Take the 2-minute tour ×
Stack Overflow is a question and answer site for professional and enthusiast programmers. It's 100% free, no registration required.

I need to dynamically change the loaded keys through a parameter. Imagine there yould be 2 properties like

<entry key="property.to.load.somesuffix">value1</entry>
<entry key="property.to.load.anothersuffix">value2</entry>

loading these based on the values of the model of the pageclass could be accomblished, for example, with a stringresourcemodel like

new StringResourceModel( "property.to.load.${pageParam.suffix}", this, new Model(pageModel))));

and adding this resource model to a label and render the loaded value of the property in that label. but I need to render the properties value as usual html text as it is rendered by using the wicket:message tag for example like

<wicket:message key="property.to.load.${pageParam.suffix}" />

this, off course, does not work. Any Solutions for that? Maybe Override the internal functionality of the interpretation of the wicket:message tag ?!


Although the text rendering in the Label seems to be very well, as stated below, and you can set the escapemodelstring, it might be useful to have a possibility to this kind of parameterizing in wicket:message tag and not to add a label for every key.

This issue might be a big Problem from the perspective, that you wont want to have any java code specific stuff in your markup like model specific method names in the keyparameter. So there would be also a need for a generalization of this technique. any ideas to accomblish that?

share|improve this question
Well I don't know a solution with wicket:message, but what is the problem of the Label alternative? –  jordeu Mar 31 '12 at 15:09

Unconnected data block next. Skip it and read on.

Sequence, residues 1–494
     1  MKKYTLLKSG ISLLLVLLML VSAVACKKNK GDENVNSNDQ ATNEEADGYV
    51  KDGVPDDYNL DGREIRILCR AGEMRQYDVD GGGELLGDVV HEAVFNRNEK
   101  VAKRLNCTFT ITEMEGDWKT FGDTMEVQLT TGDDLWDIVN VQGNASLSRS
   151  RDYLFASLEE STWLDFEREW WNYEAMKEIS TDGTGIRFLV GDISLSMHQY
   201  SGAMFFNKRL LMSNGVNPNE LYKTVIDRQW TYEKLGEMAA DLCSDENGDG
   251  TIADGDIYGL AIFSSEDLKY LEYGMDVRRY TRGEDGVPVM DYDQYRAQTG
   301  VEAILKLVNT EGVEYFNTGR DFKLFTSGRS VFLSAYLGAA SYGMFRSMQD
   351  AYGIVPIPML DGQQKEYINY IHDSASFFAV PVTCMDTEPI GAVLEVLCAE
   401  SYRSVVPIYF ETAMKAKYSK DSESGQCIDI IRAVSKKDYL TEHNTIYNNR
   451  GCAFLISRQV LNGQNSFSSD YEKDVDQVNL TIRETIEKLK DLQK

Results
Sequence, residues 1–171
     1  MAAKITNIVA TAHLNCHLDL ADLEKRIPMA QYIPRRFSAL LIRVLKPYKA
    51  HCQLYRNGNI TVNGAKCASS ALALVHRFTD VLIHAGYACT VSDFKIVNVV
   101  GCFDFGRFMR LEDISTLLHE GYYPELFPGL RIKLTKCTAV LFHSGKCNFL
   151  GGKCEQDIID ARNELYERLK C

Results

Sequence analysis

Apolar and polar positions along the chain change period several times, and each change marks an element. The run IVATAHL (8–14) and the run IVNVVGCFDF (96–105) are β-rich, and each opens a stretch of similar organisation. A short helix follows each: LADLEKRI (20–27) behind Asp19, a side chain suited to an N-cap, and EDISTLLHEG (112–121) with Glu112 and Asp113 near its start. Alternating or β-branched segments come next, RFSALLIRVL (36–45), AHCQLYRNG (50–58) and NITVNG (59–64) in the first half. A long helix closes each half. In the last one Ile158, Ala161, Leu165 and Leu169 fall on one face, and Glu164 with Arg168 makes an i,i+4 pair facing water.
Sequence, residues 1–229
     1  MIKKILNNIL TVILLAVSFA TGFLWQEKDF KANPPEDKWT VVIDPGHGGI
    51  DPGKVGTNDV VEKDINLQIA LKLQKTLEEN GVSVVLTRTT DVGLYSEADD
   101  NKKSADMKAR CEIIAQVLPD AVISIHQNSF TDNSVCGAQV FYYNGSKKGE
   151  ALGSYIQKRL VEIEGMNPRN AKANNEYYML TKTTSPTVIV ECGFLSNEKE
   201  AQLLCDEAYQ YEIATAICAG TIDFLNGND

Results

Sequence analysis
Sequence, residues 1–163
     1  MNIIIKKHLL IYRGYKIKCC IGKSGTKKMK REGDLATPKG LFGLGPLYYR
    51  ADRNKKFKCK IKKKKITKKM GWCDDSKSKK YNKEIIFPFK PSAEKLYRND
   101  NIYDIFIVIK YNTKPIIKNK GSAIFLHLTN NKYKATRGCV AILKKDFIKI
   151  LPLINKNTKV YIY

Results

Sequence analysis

the text is being rendered differently. kind of like an image, not like normal text. the usual stylesheets do not style the text anymore, the font isnt correct and no html tags within the properties value can be rendered. –  Mar Cel Mar 31 '12 at 15:13
You mean that your property contains HTML tags inside? –  jordeu Mar 31 '12 at 15:16
yes. the whole internationalization is solved with xml properties. these contain simple formatting tags like <b> and <br> . –  Mar Cel Mar 31 '12 at 15:18
Implementing your own ResourceLoader is rather simple. The problem is, that the IStringResourceLoader does not have knowladge of the ${pageParam.suffix}. Only suggestion i can offer is to have some helper function where you pass in the information to build the resource key –  bert Mar 31 '12 at 19:56

2 Answers 2

May be you can still use your

new StringResourceModel( "property.to.load.${pageParam.suffix}", this, new Model(pageModel))));

with a Label that don't escape the HTML tags of your property

add(new Label("label", "<strong>my html property</strong>").setEscapeModelStrings(false));
share|improve this answer
thats not a bad idea, ill try that. although the html excaping itself isnt really the whole point. –  Mar Cel Mar 31 '12 at 15:23
well this actually worked pretty well. surprisingly the text of the label has been rendered very good, independent from the escaping. I made the experiance, that the rendered text in the label can be kind of ugly, depending on what you ar trying to view. maybe this was a problem of some older version. indeed the escapemodelstring worked as well, that was something I completely forgot. thank you very much –  Mar Cel Mar 31 '12 at 15:33
Ok, perfect, I'm happy that this was a good solution for you. –  jordeu Mar 31 '12 at 15:40
this does solve my problem of viewing the correct keys value, but I also like to have a solution for parameterizing the wicket:message tag. –  Mar Cel Mar 31 '12 at 15:43
up vote 0 down vote accepted

I found a good article which describes how to customize the behaviour of a wicket tag or implement your own one.

share|improve this answer

Your Answer


By posting your answer, you agree to the privacy policy and terms of service.

Not the answer you're looking for? Browse other questions tagged or ask your own question.